A synopsis is a condensed statement, a summary. I am always intrigued by concise statements which convey their message powerfully and perhaps somewhat cryptically. I thought about this again yesterday, when our neighborhood was visited by a couple of ladies apparently involved in door to door evangelism. I did not actually speak to them but only saw them passing down the street with their Bibles in hand. Apparently they had rung our door bell earlier but because I was out back, I had missed them. Their presence caused me to ponder what I would say to someone who approached me in an attempt to convert me. Should I get off into a long-winded discussion of what I believe and try to impress them with my Bible knowledge? Would such an effort be profitable in any real sense?
As I continued to contemplate how I should handle this hypothetical religious discourse, two powerful verses came to mind: God is Love and Love never fails. They represent a coupling of two, simple declarative statements from the New Testament. These six words say it all for me.
The message of these two sentences involves no knowledge of biblical history. It does not entail an understanding of oft used but generally misunderstood terms like salvation or confusing and seemingly overlapping ones like redemption, restoration, justification, or atonement. It does not rely on one’s ability to interpret correctly parables and anecdotal passages nor to reason and determine logical implications. It is not prophetic, so it involves no hyperbolic and unfamiliar figurative language. Its simplicity makes translational errors unlikely.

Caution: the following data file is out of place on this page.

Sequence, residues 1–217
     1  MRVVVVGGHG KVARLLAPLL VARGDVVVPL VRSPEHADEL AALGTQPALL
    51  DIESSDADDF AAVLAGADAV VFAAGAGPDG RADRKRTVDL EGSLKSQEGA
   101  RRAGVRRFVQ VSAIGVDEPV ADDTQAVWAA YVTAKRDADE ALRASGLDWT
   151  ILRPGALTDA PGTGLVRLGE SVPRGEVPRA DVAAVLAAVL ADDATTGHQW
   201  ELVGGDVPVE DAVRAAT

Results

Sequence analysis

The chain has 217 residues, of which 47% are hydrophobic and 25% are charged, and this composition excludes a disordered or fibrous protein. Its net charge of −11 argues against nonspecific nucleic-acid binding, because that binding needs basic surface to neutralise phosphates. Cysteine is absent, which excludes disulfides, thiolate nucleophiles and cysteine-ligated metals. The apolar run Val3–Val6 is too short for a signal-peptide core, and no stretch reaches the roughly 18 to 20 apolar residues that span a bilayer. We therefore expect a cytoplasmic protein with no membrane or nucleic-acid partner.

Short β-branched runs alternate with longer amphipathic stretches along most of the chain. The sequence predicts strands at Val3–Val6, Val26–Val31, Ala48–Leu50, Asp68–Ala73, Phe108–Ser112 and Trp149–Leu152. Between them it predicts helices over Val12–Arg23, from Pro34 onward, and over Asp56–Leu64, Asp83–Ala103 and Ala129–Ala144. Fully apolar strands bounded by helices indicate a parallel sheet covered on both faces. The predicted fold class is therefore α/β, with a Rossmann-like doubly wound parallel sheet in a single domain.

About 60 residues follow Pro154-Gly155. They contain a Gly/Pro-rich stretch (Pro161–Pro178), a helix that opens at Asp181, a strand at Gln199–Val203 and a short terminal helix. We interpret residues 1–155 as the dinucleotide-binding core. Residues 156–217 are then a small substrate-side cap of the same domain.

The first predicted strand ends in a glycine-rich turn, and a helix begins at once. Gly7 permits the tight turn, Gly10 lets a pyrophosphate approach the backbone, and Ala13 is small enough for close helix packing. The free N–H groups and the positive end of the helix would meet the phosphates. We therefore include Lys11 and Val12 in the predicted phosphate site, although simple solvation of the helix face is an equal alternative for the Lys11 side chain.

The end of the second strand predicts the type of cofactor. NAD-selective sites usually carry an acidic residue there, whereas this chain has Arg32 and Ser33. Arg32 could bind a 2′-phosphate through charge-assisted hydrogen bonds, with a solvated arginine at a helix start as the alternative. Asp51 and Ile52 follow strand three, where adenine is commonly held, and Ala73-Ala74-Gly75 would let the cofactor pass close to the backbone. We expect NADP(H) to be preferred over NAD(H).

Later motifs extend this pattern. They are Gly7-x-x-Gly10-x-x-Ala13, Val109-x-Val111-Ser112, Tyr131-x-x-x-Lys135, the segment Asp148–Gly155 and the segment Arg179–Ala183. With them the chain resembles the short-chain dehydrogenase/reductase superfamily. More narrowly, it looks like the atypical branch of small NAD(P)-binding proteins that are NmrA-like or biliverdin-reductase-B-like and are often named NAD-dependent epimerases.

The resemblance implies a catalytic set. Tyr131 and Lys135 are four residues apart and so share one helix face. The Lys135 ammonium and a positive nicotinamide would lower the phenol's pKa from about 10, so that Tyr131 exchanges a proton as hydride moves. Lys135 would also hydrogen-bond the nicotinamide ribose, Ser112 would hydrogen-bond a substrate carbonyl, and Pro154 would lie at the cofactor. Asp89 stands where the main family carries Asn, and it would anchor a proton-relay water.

There is no question about whether these simple sentences are written to me today. Their significance is obvious and can be seen without seminary training. No creed ever written conveys a more powerful and complete doctrinal statement. These two verses are eternal, omnipotent, and universal. They represent all one would ever need to know about God.
Of course, I don’t suggest that these two ladies would have objected to my placing such emphasis on these two passages. They may have agreed completely. However, I suspect that many folks would object to my biblical synopsis because it doesn’t tell me what to do to please God. That’s absolutely correct. Instead it tells me who God is and what He does. That makes who I am and what I could ever do totally insignificant. Now that’s marvelous and very reassuring. If every door to door evangelist brought that message, we wouldn’t be tempted to hide until they left.